Enrichment planting in naturally recovering secondary forests or in tree plantations is increasingly being used as strategy to restore later-successional, large-seeded tropical forest trees. We seeded two tree species (Otoba novogranatensis and Ruagea glabra) in three agricultural sites in Southern Costa Rica: abandoned pastures, eight to ten year old secondary forests and three year old tree plantations (containing two N-fixing of four total tree species). We measured micrometeorological conditions, soil water content, plant water potential, leaf area, foliar C and N, and photosynthesis to better understand mechanistic responses of seedlings to conditions in the different successional habitats. Micrometeorological conditions, soil water content, and plant water potential were generally similar across habitats. Certain aspects of leaves (such as Specific Leaf Area and foliar N content), and photosynthesis (e.g. quantum yield and electron transport rate) were highest in the plantations, intermediate in the secondary forests, and lowest in abandoned pastures. Enhanced rates of photosynthetic biochemistry (such as Vcmax and Jmax) and Photosystem II efficiency (e.g. thermal energy dissipation) occurred in leaves from the plantations compared to the abandoned pastures, which may be related to higher leaf %N content. Results suggest that foliar N may be of greater importance than soil water content and micrometeorological factors in driving differences in photosynthetic processes across planting habitats. Planting seeds of these two species in plantations containing three year old trees (including two N-fixing species) enhances certain aspects of their photosynthesis and growth, compared to seedlings in abandoned pastures with non-native grasses, and thus can help increase forest recovery on abandoned agricultural lands.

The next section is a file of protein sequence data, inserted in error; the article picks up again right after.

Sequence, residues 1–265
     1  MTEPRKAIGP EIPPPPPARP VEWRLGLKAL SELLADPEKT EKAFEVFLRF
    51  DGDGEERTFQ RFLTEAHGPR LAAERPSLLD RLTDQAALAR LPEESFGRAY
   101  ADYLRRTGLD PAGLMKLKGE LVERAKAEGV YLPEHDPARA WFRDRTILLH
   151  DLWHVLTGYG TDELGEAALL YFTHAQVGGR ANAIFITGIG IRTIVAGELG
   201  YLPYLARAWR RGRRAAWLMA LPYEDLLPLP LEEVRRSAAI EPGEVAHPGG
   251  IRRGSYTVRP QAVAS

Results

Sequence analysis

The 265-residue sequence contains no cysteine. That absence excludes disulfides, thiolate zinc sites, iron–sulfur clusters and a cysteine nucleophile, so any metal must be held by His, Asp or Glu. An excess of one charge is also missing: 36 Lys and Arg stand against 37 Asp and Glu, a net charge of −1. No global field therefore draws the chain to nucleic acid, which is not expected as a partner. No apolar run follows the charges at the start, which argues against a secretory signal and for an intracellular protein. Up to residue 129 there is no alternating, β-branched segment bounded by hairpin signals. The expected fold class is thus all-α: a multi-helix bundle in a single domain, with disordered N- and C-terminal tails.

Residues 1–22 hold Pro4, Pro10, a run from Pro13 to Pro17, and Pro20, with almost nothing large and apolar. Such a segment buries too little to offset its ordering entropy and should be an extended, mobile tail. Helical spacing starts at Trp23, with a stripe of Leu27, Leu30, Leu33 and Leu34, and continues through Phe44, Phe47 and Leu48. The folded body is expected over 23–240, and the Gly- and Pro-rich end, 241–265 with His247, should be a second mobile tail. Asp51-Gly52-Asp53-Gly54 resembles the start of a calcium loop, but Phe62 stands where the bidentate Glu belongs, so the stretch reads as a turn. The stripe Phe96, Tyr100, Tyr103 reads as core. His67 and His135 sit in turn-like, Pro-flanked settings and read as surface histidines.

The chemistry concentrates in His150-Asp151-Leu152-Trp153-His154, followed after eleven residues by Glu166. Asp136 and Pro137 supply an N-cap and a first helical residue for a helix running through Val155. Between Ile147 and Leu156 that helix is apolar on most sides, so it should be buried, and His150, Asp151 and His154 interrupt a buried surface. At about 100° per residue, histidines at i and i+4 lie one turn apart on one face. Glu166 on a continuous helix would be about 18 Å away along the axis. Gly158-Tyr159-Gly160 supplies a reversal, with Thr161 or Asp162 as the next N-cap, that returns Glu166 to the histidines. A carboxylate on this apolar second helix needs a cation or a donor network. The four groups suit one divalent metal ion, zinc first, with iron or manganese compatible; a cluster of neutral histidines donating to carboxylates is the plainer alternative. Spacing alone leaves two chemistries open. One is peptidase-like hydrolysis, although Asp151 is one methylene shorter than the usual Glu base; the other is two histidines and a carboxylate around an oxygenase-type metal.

Keywords: chlorophyll a fluorescence, forest restoration, gas exchange, leaf n content, photosystem II, tropical secondary forest